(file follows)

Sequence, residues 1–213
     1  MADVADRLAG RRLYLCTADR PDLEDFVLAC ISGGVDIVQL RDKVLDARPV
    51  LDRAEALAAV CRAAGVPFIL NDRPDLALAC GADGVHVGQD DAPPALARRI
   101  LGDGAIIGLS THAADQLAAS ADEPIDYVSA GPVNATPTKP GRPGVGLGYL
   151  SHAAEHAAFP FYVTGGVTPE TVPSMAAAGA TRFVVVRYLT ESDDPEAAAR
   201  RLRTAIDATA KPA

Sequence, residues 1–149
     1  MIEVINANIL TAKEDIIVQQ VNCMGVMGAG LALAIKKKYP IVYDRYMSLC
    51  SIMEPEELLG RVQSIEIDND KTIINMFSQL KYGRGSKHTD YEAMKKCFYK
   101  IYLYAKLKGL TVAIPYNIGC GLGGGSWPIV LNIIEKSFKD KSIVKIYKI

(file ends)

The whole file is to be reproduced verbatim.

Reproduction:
Sequence, residues 1–213
     1  MADVADRLAG RRLYLCTADR PDLEDFVLAC ISGGVDIVQL RDKVLDARPV
    51  LDRAEALAAV CRAAGVPFIL NDRPDLALAC GADGVHVGQD DAPPALARRI
   101  LGDGAIIGLS THAADQLAAS ADEPIDYVSA GPVNATPTKP GRPGVGLGYL
   151  SHAAEHAAFP FYVTGGVTPE TVPSMAAAGA TRFVVVRYLT ESDDPEAAAR
   201  RLRTAIDATA KPA

Sequence, residues 1–149
     1  MIEVINANIL TAKEDIIVQQ VNCMGVMGAG LALAIKKKYP IVYDRYMSLC
    51  SIMEPEELLG RVQSIEIDND KTIINMFSQL KYGRGSKHTD YEAMKKCFYK
   101  IYLYAKLKGL TVAIPYNIGC GLGGGSWPIV LNIIEKSFKD KSIVKIYKI